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Hiking Hazards - Bear Attack

Generally speaking, bears won't attack you unless provoked. And of course they will defend their young, so if you see bear cubs but don't see their mother, be very afraid.

Bears may not be interested in eating you for dinner, but they are definitely interested in what you're eating for dinner (or lunch, or breakfast). They have an acute sense of smell and will even be attracted to the scent of toothpaste and sunscreen. With this in mind, never ever store food (or other scented items) in your tent in bear country. In some places, the traditional method of hanging your food from a tree may work. On the other hand, bears are smart and have been known to foil such methods. In bear country, I always use a bear canister. I don't enjoy carrying the extra weight (about 3 pounds, although there are lighter ones), but I feel safe in the knowledge that the bear won't get to my food. Store the canister away from your tent. If there are rocks nearby, I'll usually place the canister upside down (to avoid rain getting inside) inside the rocks. I'll then place my trekking poles on top, just so a bear will make a racket and wake me up if he tries to get to the food. No bear has yet even tried to get inside my canister.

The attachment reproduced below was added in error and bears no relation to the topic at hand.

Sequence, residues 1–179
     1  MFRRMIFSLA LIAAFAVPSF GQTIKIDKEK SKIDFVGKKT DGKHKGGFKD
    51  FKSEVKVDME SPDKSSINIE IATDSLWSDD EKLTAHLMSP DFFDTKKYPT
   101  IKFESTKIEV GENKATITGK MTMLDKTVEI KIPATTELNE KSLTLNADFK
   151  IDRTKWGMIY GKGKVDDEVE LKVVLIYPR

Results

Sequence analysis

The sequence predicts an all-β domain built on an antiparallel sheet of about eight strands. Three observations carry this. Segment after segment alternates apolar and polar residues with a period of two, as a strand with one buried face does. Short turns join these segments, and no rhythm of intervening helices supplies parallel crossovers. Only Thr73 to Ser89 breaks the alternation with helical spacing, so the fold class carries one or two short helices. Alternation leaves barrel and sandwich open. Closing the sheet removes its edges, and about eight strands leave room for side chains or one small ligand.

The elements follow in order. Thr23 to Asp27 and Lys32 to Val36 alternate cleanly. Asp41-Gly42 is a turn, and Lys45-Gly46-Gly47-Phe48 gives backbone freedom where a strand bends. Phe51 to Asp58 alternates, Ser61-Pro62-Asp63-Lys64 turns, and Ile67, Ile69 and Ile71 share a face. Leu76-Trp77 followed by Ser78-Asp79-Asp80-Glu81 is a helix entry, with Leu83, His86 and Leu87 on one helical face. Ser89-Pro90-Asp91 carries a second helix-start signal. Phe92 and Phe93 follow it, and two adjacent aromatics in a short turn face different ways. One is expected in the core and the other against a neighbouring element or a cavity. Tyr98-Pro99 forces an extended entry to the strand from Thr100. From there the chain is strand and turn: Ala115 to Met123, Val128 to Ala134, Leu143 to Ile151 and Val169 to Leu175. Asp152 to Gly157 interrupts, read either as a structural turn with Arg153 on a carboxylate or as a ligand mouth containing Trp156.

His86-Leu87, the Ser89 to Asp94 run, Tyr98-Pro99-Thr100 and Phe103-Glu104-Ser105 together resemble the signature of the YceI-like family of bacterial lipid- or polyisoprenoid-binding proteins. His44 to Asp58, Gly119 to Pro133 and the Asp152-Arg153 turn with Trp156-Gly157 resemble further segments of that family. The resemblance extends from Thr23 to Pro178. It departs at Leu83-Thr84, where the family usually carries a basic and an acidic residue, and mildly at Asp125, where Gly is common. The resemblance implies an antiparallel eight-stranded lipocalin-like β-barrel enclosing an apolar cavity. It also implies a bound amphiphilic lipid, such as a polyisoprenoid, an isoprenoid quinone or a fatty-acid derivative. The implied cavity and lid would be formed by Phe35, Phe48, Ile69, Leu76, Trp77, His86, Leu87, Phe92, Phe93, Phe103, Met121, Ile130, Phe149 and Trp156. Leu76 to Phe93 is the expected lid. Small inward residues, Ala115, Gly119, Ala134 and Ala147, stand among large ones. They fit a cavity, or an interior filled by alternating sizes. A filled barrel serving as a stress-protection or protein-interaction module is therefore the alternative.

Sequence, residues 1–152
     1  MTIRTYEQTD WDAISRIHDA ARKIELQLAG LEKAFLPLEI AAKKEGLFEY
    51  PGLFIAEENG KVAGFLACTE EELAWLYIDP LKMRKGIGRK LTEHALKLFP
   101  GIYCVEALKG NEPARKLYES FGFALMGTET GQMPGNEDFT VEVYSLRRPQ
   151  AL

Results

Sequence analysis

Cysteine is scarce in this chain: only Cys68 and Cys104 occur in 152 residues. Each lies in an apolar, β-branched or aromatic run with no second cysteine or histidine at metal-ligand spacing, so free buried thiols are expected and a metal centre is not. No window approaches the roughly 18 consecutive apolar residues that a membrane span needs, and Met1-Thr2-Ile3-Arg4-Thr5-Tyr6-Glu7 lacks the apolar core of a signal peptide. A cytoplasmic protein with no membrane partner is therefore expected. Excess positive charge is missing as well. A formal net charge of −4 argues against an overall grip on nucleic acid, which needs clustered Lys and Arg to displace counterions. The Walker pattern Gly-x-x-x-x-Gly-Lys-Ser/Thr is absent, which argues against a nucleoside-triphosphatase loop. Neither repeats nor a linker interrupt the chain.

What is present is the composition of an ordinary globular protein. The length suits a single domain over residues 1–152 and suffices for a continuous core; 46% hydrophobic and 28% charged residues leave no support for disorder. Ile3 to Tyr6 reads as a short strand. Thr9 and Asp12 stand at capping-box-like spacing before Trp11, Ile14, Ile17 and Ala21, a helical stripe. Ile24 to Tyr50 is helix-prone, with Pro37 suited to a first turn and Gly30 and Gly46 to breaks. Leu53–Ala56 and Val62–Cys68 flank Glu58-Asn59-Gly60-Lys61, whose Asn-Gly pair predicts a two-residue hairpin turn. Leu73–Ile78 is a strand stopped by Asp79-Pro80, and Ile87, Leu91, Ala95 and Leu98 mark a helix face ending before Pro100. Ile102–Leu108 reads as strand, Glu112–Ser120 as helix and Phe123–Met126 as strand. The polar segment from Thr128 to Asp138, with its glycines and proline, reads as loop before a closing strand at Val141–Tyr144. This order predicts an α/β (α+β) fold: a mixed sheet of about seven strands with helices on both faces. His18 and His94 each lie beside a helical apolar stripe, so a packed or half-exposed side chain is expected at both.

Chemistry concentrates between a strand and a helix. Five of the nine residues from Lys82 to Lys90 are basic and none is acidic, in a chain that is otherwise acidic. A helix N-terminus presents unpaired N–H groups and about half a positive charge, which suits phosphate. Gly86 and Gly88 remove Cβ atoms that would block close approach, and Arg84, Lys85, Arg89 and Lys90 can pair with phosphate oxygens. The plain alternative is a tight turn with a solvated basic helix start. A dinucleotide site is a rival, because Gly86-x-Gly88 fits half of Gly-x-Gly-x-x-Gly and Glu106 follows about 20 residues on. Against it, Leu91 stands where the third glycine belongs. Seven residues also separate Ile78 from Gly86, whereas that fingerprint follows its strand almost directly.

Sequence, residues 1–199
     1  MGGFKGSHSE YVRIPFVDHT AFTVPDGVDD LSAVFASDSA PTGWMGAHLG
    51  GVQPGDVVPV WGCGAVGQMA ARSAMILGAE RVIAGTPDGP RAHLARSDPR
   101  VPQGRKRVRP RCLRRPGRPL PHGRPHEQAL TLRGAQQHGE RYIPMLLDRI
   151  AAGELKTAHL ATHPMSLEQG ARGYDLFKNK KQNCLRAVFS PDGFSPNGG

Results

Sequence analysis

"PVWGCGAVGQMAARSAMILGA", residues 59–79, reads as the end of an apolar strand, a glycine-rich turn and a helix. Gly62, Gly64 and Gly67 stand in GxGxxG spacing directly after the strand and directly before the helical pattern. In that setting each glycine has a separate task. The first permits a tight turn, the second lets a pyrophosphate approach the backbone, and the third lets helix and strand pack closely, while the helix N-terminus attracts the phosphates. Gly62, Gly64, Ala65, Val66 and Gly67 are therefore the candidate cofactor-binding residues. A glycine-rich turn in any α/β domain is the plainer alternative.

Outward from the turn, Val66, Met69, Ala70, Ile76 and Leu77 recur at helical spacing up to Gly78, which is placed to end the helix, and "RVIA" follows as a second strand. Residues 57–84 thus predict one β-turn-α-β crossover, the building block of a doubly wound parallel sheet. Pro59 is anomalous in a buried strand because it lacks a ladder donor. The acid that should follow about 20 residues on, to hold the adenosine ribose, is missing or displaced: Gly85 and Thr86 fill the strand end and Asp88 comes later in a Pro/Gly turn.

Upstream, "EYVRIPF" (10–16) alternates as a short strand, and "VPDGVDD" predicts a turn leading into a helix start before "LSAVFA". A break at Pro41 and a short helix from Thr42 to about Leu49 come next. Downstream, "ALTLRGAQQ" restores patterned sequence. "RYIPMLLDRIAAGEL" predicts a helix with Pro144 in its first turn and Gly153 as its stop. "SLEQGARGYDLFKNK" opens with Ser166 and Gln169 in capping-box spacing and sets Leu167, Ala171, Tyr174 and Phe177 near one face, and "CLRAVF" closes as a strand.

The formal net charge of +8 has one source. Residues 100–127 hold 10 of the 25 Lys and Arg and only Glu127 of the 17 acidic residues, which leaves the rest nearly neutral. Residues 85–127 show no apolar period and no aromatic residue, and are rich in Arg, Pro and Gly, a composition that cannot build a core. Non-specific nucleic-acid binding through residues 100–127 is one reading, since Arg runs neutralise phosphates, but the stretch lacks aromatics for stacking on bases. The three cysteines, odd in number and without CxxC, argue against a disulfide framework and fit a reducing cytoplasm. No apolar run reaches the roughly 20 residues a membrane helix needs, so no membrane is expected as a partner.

In some places (such as Yosemite), bears have become so aggressive that they will rip open cars to get to food. In such places, of course, don't put food in your car. Instead, use the specially designed bear-resistant containers that are usually provided at campgrounds. If there are no such containers, then you are probably safe in putting your food in your car. It is only places where there have been lots of human-bear interaction (such as Yosemite and Sequoia/Kings Canyon) that bears have become so aggressive.

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